If you are a veteran struggling to make your mortgage payments, you may be able to reduce your interest rate and lower your monthly payment by qualifying for a VA streamline refinance loan. In rare instances, you may be able to get the VA to purchase your loan from a private lender -- this is called refunding. Read on to get an overview of the VA streamline refinance loan, including the eligible criteria, and to learn about refunding.
A VA streamline refinance is officially known as an Interest Rate Reduction Refinance Loan (IRRRL). An IRRRL is a VA-guaranteed loan that lowers your interest rate, which in turn decreases the monthly principal and interest payments.
If you have an existing VA-guaranteed loan, then you can apply for an IRRRL. (VA loans are specifically for veterans and are guaranteed by the federal government. Learn more about VA loans.)
The IRRRL must be in first-lien position so if you have a second mortgage, that lien holder must agree to subordinate its loan. (To find out more about loan subordination and lien priority, see our article What is a Subordination Agreement?)
There is no additional change made to your entitlement for an IRRRL. (VA loan entitlement is the amount for which the VA will guarantee a loan. Most lenders will lend up to four times the amount of the total entitlement. The basic entitlement available to an eligible veteran is $36,000.) The new loan amount may be equal to, greater than, or less than, the original amount of the loan being refinanced, which may impact the amount of guaranty on the new loan, but not the entitlement.
In other words, an IRRRL is a VA-to-VA refinance that reuses the veteran-applicant's entitlement.
Generally, an IRRRL does not require an appraisal, credit information, or underwriting so you can refinance an underwater home (where you owe more than your home is worth). The basis for the loan is the existing VA loan, not the current market value of the property.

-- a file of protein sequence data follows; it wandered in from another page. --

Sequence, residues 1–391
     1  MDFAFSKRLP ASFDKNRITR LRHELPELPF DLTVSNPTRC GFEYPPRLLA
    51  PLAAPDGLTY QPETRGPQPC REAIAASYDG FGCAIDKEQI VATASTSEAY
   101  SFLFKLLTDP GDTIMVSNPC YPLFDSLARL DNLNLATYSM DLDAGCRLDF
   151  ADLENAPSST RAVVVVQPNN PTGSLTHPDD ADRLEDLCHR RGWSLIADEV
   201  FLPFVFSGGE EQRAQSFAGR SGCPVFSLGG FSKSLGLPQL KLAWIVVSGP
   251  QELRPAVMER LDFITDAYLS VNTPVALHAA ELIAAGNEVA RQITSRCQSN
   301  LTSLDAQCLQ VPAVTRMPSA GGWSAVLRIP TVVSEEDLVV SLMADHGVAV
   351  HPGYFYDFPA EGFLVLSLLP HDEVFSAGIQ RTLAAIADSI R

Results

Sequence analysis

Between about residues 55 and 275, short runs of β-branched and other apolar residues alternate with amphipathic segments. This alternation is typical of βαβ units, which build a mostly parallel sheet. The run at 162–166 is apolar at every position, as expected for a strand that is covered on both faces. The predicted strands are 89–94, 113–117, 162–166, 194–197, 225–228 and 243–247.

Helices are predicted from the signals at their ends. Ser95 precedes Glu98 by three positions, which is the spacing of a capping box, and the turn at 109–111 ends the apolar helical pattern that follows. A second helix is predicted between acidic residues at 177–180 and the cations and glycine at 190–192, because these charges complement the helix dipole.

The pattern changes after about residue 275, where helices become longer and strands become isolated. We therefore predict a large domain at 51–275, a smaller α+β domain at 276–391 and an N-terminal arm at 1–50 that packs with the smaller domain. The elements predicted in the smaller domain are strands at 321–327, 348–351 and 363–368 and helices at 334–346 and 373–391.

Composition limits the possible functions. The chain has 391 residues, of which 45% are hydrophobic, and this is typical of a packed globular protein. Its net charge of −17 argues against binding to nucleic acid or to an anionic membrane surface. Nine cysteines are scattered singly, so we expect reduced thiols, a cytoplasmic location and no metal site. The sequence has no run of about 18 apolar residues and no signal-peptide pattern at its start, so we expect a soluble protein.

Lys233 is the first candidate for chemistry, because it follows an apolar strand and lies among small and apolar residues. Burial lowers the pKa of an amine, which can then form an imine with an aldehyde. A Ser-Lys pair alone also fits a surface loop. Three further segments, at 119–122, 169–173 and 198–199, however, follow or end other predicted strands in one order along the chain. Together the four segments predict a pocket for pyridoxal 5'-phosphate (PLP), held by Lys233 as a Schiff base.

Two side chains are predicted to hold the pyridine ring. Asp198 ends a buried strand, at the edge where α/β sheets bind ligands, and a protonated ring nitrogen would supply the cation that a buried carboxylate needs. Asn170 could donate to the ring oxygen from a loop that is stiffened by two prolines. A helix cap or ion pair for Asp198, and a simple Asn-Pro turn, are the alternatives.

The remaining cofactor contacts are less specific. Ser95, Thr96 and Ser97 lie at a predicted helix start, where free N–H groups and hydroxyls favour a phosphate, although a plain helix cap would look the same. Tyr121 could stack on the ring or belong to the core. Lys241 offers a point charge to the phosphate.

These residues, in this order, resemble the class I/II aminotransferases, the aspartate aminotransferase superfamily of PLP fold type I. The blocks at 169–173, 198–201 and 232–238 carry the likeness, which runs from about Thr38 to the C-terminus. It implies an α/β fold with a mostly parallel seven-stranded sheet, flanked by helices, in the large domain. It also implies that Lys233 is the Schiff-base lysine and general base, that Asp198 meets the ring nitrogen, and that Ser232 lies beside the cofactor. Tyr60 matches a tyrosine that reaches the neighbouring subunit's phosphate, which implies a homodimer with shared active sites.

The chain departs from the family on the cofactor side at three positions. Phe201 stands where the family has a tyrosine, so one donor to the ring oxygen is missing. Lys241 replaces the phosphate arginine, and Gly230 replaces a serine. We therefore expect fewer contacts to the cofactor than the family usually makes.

Additionally, you do not need to currently occupy the property to qualify for an IRRRL (though it may be easier to get approved if you live in the home). You only need only certify that you previously occupied the home. For example, this means that if you previously lived in the home, then relocated and rented it out, you still may be able to obtain a IRRRL.
All veterans using the VA Home Loan Guaranty benefit must pay a funding fee. For an IRRRL, the funding fee is 0.5%.
You do not have to pay the fee if you are:
The IRRRL can be completed with no money out of pocket by including all costs in the new loan or by making the new loan at an interest rate high enough to enable the lender to pay the costs. (The funding fee can be paid in cash at closing or added to the new loan.)
However, loan proceeds may only be applied to paying off the existing VA loan and to the costs of obtaining or closing the IRRRL. You cannot receive any cash out from the loan proceeds.
If you are having difficulty paying your mortgage and are facing foreclosure, VA has the discretionary authority to purchase the loan from the private lender and take over the servicing of that loan. This is called "refunding" (which in this sense means “to fund again”).
Refunding is rare, but if you are in default on your mortgage payments and your lender has refused to provide you with a forbearance, repayment plan, or loan modification even though you have the ability to make mortgage payments or will have the ability to make them in the near future, you may qualify.
Learn more about forbearance, repayment plans, loan modifications, and other options to avoid foreclosure in our Alternatives to Foreclosure area.
The VA provides assistance to veterans who are having problems making their mortgage payments.
If you’re a veteran with a VA-Guaranteed loan, the VA can provide a specialist who can intervene with the servicer on your behalf and help you work with your servicer to explore all options to avoid foreclosure, as well as conduct financial counseling. (To find the nearest VA Regional Loan Center near you, go to the VA’s Regional Loan Center Contact Information website.)
If you’re a veteran, but your loan is not guaranteed by the VA, the VA does not have the legal authority to intervene with the servicer on your behalf. However, you can still call your nearest Regional Loan Center to speak to a specialist who can give you advice on approaches to take with your servicer. (Go to the Department of Veterans Affairs website to get more information about what to do if you’re a veteran who is having difficulty paying your mortgage.)
To learn more about an IRRRL, go to www.benefits.va.gov, click on “Home Loans” and then “Interest Rate Reduction Refinance Loan.”